New Zealand employers unexpectedly cut payrolls for a third straight quarter, the longest slump since the 2009 global recession, sending the local currency and bond yields lower as job seekers gave up searching for work.
Employment slumped 1 percent, or 23,000 jobs, from the third quarter, Statistics New Zealand said in a report today in Wellington. The median forecast in a Bloomberg News survey of eight economists was for a 0.4 percent gain in employment. The jobless rate fell to 6.9 percent from 7.3 percent as the participation rate reached the lowest in about eight years.
The nation’s currency headed for its first weekly fall this year as a deteriorating labor market underscored weak domestic demand that may prompt Reserve Bank of New Zealand Governor Graeme Wheeler to extend a period of record-low borrowing costs. Last week, he said the exchange rate’s strength was affecting the nation’s exporters and manufacturers, some of which have elected to shutter plants and fire workers.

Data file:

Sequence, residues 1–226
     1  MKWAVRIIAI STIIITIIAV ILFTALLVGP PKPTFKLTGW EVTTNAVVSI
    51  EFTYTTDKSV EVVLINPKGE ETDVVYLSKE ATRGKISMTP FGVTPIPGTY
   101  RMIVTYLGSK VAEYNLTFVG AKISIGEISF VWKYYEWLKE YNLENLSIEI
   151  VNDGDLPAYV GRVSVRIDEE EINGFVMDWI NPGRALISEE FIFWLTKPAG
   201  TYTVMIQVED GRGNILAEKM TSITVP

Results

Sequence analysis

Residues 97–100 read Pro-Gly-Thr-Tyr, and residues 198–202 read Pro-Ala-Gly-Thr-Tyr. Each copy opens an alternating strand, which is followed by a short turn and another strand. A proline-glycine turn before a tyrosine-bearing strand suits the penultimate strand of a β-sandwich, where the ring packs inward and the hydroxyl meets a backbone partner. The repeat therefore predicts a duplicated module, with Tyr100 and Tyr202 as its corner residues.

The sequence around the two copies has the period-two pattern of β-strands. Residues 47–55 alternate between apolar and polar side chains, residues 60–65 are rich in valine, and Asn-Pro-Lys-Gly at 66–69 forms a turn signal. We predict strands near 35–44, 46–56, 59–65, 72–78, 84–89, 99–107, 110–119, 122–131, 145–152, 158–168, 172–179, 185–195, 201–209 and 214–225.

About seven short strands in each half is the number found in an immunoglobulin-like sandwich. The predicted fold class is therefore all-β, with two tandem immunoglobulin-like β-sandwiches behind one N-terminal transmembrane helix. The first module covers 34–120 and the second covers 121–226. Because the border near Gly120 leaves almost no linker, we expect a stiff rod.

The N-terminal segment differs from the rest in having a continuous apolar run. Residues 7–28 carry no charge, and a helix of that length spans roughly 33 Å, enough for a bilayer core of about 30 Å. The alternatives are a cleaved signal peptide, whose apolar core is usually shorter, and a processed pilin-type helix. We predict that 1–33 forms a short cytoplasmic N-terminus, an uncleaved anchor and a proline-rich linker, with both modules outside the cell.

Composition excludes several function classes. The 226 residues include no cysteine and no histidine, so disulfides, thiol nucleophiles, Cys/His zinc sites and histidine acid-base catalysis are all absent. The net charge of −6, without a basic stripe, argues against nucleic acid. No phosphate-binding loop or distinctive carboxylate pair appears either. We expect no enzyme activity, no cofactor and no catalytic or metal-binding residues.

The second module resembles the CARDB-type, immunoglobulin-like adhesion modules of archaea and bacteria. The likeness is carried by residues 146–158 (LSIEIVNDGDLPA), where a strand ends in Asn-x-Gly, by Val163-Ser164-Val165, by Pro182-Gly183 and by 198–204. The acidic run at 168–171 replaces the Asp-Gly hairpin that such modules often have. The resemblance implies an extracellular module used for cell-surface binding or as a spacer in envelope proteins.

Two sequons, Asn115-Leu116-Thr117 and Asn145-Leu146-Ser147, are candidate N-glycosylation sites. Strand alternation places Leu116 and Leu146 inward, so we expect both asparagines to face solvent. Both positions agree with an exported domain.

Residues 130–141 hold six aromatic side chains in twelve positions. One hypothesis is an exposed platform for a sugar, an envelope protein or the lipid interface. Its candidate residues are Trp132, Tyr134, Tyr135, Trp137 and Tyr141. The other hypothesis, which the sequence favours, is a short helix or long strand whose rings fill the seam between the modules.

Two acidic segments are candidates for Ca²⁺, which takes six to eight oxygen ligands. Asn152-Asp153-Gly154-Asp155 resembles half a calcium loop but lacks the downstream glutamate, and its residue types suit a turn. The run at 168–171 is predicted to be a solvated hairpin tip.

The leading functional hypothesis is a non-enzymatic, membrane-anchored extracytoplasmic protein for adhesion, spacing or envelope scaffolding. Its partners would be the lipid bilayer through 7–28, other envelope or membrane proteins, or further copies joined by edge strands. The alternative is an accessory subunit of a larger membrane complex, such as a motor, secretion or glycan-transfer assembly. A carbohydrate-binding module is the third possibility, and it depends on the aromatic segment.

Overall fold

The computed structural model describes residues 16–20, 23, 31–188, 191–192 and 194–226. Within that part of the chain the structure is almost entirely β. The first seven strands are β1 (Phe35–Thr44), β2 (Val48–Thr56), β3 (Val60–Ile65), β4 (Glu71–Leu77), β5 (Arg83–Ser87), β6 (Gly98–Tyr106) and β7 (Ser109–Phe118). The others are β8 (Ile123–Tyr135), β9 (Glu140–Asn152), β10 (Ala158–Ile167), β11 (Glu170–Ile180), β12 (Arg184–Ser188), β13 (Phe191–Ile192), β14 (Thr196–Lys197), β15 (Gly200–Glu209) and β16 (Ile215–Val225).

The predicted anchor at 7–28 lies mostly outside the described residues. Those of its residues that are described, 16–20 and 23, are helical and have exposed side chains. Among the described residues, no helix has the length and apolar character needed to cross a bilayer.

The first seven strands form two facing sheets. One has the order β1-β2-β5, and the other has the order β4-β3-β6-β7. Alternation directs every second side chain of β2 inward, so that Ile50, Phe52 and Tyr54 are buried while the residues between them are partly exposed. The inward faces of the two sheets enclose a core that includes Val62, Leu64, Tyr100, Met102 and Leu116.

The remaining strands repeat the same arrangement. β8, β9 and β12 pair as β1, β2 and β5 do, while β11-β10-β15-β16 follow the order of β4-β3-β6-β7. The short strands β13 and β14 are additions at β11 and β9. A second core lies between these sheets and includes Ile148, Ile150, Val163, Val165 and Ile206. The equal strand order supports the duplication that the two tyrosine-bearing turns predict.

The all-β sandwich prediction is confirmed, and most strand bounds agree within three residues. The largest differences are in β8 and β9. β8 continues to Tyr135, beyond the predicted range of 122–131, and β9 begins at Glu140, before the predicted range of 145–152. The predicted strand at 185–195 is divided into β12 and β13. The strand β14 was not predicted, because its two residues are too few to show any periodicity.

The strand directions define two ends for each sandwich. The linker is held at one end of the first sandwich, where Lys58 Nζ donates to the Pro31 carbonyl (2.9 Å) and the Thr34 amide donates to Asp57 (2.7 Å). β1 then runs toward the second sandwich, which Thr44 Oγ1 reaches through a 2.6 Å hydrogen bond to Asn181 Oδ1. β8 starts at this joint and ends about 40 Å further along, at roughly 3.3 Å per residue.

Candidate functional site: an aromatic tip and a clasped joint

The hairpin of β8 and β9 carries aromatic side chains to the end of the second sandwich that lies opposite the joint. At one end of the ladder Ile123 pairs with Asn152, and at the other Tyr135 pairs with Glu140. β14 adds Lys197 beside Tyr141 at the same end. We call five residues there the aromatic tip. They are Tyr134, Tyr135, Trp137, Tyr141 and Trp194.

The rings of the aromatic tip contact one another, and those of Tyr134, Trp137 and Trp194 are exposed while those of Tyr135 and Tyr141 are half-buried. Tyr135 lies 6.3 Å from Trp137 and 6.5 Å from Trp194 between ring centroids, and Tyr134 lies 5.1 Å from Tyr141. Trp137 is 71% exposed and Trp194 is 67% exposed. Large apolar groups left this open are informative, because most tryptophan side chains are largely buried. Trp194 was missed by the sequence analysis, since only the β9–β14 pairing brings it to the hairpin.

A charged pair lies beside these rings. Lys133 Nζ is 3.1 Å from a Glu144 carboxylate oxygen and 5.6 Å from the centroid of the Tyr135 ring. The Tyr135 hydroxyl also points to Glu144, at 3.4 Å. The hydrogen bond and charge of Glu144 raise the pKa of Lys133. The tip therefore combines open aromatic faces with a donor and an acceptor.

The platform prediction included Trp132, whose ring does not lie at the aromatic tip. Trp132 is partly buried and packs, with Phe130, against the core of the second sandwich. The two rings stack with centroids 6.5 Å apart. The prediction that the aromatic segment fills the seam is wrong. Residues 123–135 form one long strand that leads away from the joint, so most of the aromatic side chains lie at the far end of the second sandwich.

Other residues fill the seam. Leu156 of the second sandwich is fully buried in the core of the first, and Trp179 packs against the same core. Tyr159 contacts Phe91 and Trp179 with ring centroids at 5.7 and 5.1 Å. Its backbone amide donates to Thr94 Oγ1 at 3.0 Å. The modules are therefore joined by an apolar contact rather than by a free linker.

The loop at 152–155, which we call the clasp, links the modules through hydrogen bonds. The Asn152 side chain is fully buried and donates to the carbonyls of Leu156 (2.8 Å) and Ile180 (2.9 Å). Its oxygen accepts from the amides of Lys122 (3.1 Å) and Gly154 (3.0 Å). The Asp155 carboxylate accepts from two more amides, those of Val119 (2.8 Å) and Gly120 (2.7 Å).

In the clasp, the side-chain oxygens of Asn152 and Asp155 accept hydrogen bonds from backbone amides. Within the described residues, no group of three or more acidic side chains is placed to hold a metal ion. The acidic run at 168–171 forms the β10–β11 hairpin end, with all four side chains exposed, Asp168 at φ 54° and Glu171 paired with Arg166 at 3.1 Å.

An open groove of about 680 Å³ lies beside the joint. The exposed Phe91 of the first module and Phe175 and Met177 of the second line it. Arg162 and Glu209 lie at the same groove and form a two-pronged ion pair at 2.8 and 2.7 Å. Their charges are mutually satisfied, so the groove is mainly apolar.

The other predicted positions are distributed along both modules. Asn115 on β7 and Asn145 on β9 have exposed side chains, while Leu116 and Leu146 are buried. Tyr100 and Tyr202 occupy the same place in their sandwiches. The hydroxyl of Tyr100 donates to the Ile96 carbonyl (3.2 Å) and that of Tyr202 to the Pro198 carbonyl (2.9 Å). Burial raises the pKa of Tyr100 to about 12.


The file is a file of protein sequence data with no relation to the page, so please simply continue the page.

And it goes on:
“The continued sluggish recovery of the labor market is likely to encourage the RBNZ to remain on the sidelines,” Mark Smith, senior economist at ANZ Bank New Zealand Ltd. in Wellington, said in a Feb. 5 note.
The kiwi dollar extended declines, falling as low as 83.83 U.S. cents, the least since Jan. 31, poised for its first weekly decline this year. New Zealand’s two-year swap rate, a fixed payment made to receive floating rates which is sensitive to interest-rate expectations, fell 3 basis points to 2.90 percent.
Employment fell for three straight quarters for the first time since the January-September period in 2009, today’s report showed. From a year earlier, employment declined 1.4 percent, the first year-on-year decline since the first quarter of 2010.
The report showed the largest drop in the labor force participation rate since the series began. It slumped to 67.2 percent from 68.4 percent in the third quarter, reaching the lowest since the third quarter of 2004.
The central bank has kept borrowing costs at a record-low 2.5 percent since March 2011.
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